• David Nickol

            I conceive of Christianity as a comprehensive orientation to reality that finds its apotheosis in the Resurrection of Jesus of Nazareth, but includes ... well, everything.

            I don't see how that is a helpful way to define Christianity. Would that make Euclidian geometry part of Christianity? If our hypothetical alien race invented Euclidian geometry totally independent of the human race, would that make them partially Christian? Is every world religion that has some element of truth partly Christian?

          • Jim (hillclimber)

            I think I see that now: for purposes of this sort of conversation, it is probably not a helpful way to define Christianity.

            It is nonetheless how a Christian is, I think, obliged to think about Christianity: as a comprehensive orientation to reality, in which everything is set in relation to Christ, and in which everything true is pointing toward Christ. So yes, I do view Euclidean geometry and the truths of other religions as pointing toward Christ. But I can see now that for the purposes of dialogue, I need to jump outside of this perspective in order to say things that are more comprehensible "from the outside".

          • It's not clear that @jimhillclimber:disqus is actually special in this regard. I take him to be saying that different terms for possibly the identical thing would be more helpful in understanding in the present context.

          • Sshh! If you start talking about special revelation—revelation the agent can choose to present to you or not—as somehow important, then humans might have to start listening to other humans much more deeply than seems to happen in our present world. No, no, better to entirely ignore particularity. Science matters; what is unique to any given person doesn't (except when it comes to their hobbies and sex lives).

          • Doug Shaver

            I became disillusioned with Protestant fundamentalism several years before I became an atheist. During that interim I didn't believe in any revelation, divine or otherwise, but I also wasn't comfortable with a simple denial of the Bible's divine inspiration. My solution was a belief that all truth, no matter how or where it appears, was divinely inspired. I believed that the Bible contained some truths, and so those parts were divinely inspired, and that it contained some untruths, and so those parts were not divinely inspired.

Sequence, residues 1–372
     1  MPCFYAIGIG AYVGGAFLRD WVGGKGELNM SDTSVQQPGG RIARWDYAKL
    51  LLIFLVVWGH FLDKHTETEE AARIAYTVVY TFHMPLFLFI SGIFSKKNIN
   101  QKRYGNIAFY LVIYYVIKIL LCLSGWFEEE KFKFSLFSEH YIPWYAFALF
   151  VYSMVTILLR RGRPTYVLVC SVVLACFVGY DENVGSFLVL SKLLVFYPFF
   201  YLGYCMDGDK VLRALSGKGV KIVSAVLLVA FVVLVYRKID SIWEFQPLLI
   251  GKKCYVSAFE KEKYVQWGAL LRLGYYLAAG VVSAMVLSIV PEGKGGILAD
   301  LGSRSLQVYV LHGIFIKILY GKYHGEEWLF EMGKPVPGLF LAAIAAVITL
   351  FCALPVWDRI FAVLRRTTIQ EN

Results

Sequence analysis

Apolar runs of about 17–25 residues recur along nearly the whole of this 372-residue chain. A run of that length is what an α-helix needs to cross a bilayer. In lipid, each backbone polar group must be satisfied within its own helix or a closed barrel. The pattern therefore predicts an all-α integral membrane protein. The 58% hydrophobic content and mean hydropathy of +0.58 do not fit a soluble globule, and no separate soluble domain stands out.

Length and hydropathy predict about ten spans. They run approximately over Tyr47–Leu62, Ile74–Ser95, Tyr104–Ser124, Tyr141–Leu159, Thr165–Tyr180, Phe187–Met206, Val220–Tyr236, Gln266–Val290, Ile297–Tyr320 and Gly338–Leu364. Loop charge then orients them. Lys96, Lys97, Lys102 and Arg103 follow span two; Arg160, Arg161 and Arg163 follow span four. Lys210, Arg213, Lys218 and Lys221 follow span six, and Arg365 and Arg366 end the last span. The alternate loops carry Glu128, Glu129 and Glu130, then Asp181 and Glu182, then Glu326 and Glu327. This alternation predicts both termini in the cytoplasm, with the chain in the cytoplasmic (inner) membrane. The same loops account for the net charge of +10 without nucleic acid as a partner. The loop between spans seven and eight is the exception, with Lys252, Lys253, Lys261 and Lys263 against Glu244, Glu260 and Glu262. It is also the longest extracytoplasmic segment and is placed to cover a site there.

• Jim (hillclimber)

            If there was a period when you continued to believe in divine inspiration but no longer believed in divine revelation, then I think we must understand these terms at least a little bit differently. It is hard for me to see how something that is conveyed through the Holy Spirit could fail to be revelatory of God.

            My solution was a belief that all truth, no matter how or where it appears, was divinely inspired.

            On that point, the current "me" and the former pre-atheist "you" are in agreement.

            I believed that the Bible contained some truths, and so those parts were divinely inspired, and that it contained some untruths, and so those parts were not divinely inspired.

            That's a different approach from the one that I take. I view the Bible as a sort of "definitive family scrapbook". Like the family scrapbook, it contains a lot of true family history as well as an interwoven mish-mash of visions, poems, parables, aphorisms, and various other types of what we would call fiction. But I view all of it as holy and inspired in the sense that it works together to define my faith community and set a true course for my life.

            I have shared this a number of times before, but with regard to inspiration I am very partial to N.T. Wright's view that we are meant to creatively live out the "lost fifth act" of the play in which the first four acts are Creation --> Fall --> Israel --> Jesus -->.

            http://ntwrightpage.com/2016/07/12/how-can-the-bible-be-authoritative/

          • Doug Shaver

            If there was a period when you continued to believe in divine inspiration but no longer believed in divine revelation, then I think we must understand these terms at least a little bit differently.

            Like most of my memories from 50 years ago, this one is actually pretty vague. If you had asked me how I distinguish revelation from inspiration, I doubt that I'd have had a good answer.

            It is hard for me to see how something that is conveyed through the Holy Spirit could fail to be revelatory of God.

            That's a point well taken, and I try not to tell Christians what the key terms in their vocabulary are supposed to mean. That is for them to decide. But when I see the words "inspiration" and "revelation" used in context, though, there seems to be some difference in what is being referred to.